For years, Amy Miller of Kings Mills said, she did her best to manage relentless anxiety. But one day about a year ago, already stressed over the pandemic, she suspected a break-in at home. Fear took over, and Miller decided to throw a tarp over her van in her driveway and live outside, for five months.
Yes, Miller says now, it sounds odd. In March, when family members realized her situation, they got Miller to accept mental health care treatment at the Lindner Center for Hope in Mason. Nine months into intensive therapy for anxiety and post-traumatic stress, the Air Force veteran and mother said she is speaking about the experience to help others who are suffering.
“If you are too ashamed, you need to get through your shame. If you are afraid, you need to step through that fear. If you don’t trust, you need to trust and rely,” said Miller, 56. “If I had realized what was going on, I could have called 911. But I didn’t even realize to call 911. Anxiety made me think I was doing something right, and I wasn’t.”
Miller’s acute anxiety attack is extreme, but it reflects a gathering storm of mental health disorders across the nation. In the second year of the new coronavirus pandemic, providers say they are concerned about the challenge to come.
“We have been at or near capacity on most of our service lines ever since October 2020,” said Dr. Paul Crosby, the Lindner Center’s chief executive officer. “Things kind of died down as soon as the pandemic hit, but then a few months later, all mental health providers have seen an increase in demand for services.” Most commonly appearing, Crosby said, are depression, substance use disorders, eating disorders and anxiety.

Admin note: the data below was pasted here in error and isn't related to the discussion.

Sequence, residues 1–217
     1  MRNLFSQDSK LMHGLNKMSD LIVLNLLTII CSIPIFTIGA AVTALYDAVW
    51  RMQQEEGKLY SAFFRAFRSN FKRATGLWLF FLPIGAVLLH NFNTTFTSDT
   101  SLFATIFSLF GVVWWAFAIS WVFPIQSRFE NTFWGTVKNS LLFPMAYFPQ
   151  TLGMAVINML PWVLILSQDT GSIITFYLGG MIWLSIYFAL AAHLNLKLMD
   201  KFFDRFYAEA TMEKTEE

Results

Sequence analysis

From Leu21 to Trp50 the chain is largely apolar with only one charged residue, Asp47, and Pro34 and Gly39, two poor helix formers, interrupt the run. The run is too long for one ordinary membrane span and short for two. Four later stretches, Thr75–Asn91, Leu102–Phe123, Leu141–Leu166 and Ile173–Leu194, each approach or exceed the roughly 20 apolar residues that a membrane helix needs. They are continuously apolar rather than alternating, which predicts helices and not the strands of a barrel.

In October, the U.S. Centers for Disease Control and Prevention found Americans on an emotional roller-coaster that tracked with the rise and fall of COVID-19 case counts. Using U.S. Census data, the CDC said that from August to December 2020, the severity of anxiety rose 13%, and the severity of depression rose 14.8%. With the advent of the national vaccination campaign, December to June 2021, anxiety severity dropped 26.8%, and depression severity 24.8%.
Pandemic stress has compromised our decision-making, according to a Harris Poll done for the American Psychological Association in August and released in October. One out of three Americans, and nearly half of those born after 1980, said they feel so much stress now that they struggle over basic choices, such as what to eat or wear.
Nearly 60% of Americans said they changed their behavior because of stress, mainly avoiding social situations, changing their eating or exercise habits, or putting off responsibilities, the survey reported.
Yet another study in October found 86% of people who lived with anxiety before the pandemic reported the condition worsening in the past 18 months. That result came through the GeneSight Mental Health Monitor of Myriad Genetics in Salt Lake City. The company’s Mason office produces the GeneSight genetic test, developed in Cincinnati, to guide doctors in prescribing pharmaceuticals for mental health conditions. Doctors at the Lindner Center use the GeneSight test, although Amy Miller did not take it for her care.